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Wednesday, January 25, 2023
Bolstered with impressive puppetry and generous interactivity, "Bluey's Big Play" manages to connect with its preschool audience while helping parents see through the eyes of their youngsters.
A thoroughly entertaining, 45-minute, one-act experience, the show draws chuckles and cheers.
Adapted from the Aussie show, available on Disney+, about a mischievous Blue Heeler dog and her family, the series delivers gentle lessons on manners and morals while providing colorful, relatable entertainment.
The play understands its audience and caters to the needs of parents with short-attention span youngsters. Far different from a typical stuffy night at the theater, the actors and their characters encourage the audience to express themselves as the show unfolds.
The plotline, in which Bluey and her sister swipe their dad's phone in order to convince him to spend more time playing with them, also has pointed parenting advice. Surely, twinges of sympathetic guilt went down the spines of moms and dads who recall moments spent glued to their devices rather than taking part in the fleeting moments of childhood.
"Bluey's Big Play" helps remedy such guilt. The thrill and sheer joy of watching your little one get one of their first glimpses at theater is priceless.
"Bluey's Big Play" plays through Jan. 25 at Centennial Hall. For tickets, click here.
Thursday, January 19, 2023
Wednesday, January 18, 2023
Thursday, January 12, 2023
Wednesday, January 04, 2023
Bursting with smiles, good cheer and relentless optimism in the face of dire circumstances, "Annie" is the spoon full of sugar needed for those who fear we are teetering on the brink of a recession.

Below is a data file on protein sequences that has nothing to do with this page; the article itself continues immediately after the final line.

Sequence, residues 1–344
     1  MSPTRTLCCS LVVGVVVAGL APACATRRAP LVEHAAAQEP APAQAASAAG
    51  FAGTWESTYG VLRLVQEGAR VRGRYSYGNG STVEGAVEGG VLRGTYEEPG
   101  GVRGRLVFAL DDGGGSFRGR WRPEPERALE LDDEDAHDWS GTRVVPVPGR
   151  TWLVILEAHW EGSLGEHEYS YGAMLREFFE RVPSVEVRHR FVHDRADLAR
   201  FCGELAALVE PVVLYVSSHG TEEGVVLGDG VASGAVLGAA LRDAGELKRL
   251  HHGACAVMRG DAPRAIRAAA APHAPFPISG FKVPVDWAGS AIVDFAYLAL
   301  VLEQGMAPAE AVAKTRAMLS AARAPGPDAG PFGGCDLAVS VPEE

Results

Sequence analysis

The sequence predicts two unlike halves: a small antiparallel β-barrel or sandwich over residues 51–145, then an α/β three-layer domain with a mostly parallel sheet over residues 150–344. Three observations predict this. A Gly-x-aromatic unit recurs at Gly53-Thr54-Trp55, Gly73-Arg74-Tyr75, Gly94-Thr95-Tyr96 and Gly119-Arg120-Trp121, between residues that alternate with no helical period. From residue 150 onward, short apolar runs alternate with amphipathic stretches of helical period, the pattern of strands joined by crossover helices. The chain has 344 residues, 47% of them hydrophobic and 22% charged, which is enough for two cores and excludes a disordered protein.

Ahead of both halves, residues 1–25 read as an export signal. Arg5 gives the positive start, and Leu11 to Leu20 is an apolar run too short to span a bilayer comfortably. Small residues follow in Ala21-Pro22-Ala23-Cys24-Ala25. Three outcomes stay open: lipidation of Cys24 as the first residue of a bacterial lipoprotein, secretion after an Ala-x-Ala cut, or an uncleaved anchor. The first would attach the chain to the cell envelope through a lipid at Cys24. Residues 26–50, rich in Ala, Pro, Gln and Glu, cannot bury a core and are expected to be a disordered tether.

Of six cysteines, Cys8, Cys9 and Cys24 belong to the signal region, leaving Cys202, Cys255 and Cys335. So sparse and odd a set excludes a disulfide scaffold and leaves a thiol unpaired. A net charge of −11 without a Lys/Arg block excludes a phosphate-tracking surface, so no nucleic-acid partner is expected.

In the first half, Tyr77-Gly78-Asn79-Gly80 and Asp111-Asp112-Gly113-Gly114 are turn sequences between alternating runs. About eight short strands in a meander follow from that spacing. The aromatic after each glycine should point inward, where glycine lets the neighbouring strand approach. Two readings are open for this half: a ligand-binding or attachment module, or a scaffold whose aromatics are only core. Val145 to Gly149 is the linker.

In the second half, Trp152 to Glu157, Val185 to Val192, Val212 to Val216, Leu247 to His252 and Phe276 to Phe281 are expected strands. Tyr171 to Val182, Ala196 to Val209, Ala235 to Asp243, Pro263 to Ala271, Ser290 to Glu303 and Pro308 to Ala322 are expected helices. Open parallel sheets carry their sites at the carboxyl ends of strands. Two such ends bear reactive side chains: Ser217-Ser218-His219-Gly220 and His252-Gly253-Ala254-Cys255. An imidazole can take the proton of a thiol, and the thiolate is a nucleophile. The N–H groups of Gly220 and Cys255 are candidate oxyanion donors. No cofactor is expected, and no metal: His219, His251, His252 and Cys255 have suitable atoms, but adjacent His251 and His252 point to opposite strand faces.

Joyous and energetic, the Depression-era musical is powered by cast chemistry and energetic showmanship. More than in most musicals, the pounding orchestrations from the pit flow into the audience, setting up the succession of show-stopping numbers for enrapturing triumph.
Ellie Rose Pulsifier powers the show with a rambunctious, effervescent title role performance, and she's complemented aptly by a crankily crusty turn by Stefanie Londino as corrupt orphanage manager Miss Hannigan.
Christopher Swan brings the necessary hard edge as Oliver Warbucks, the millionaire benefactor who takes Annie in as a publicity ploy. Julia Nicole Hunter, as Warbucks' assistant, Grace, provides a buffer as Warbucks power through his character arc, which is central to Annie's story and reflects the impact of her audacious good cheer.
Also making an impact is Nick Bernardi as conman Rooster Hannigan and Mark Woodard as President Franklin Roosevelt, who gets the idea for the New Deal in a meeting with the sprightly orphan.
Even though many of the plot points in "Annie" don't age well -- there are unwelcome hints of grooming and questionable relationship dynamics -- the spirit of the show manages to shine through the decades.
"Annie" radiates innocence and joy, and its charm makes it easy to take down your walls and let the good feelings flow. The show is every bit as ineffable as its fire-headed lead character.
Annie plays through Jan. 8 at Centennial Hall. Buy tickets here.
My rating: 3 of 5 stars
Shifting through perspectives, narrative styles and timelines through a lively, innovative narrative, William Faulkner paints an intriguing, mystery-laden portrait of a Southern artistocratic family imploding from within.
While the disjointed nature of the material makes it tough to keep pace with the narrative, the story unfolds in the manner of a puzzle, with often satisfying conclusions set up by a steady trickle of hints.
Faulkner's immense talents are on display throughout, but his storytelling methods are jarring and often exhausting. The novel is worthy of study and analysis, but it's so brutal that I left feeling punished and exhausted.
A classic that is worth the effort while not wholly satisfying, I recommend the book for someone looking for a readerly challenge to kick off the new year.
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